And this is a real shame because the game does have some pretty good mechanics at play. It also looks pretty good visually with some unique looking aliens and structures that are very pleasing to look at albeit a little bit vomit-inducing with the way you move around each of the three decks. There’s definitely a lot of potential for this to be considered a great game but so far that potential is barred by its lack of proper optimization that renders itself unplayable for longer periods. However I will add that for a game that comes out in 2021, it’s kind of a step in the wrong direction to not actually have mouse and keyboard support for a building simulation game when others have already taken that leap such as Planet Coaster and They Are Billions which both worked pretty well with either control schemes. Not that Spacebase Startopia’s controller support is lacking but it does make it awkward at times especially with the visibility of where your pointer goes to when trying to move around the menus.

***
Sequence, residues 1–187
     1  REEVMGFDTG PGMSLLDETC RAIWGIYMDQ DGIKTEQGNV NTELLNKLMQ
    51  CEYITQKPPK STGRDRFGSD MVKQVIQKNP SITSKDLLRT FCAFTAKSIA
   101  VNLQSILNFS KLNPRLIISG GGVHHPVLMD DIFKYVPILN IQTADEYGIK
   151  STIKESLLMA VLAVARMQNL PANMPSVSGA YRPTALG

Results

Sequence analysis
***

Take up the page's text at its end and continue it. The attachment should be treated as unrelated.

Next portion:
Spacebase Startopia while a game with great potential pretty much fails to make a great first impression due to its lackluster showing. Despite having some pretty good looking visuals and an interesting level of detail for its gameplay progression, its ambitious take on the simulation genre killed the momentum with its lack of optimization that rendered itself unplayable on consoles like the Playstation 4. It’s definitely not a bad game by any means but it does require you to have the platform that would make the game playable which can only mean bad things for others.
Developer: Realmforge Studios
Platforms: Nintendo Switch, PlayStation 4 / 5, Xbox Consoles and PC
Publishers: Kalypso Media
You can purchase this version of the game here on the PSN Store for £52.99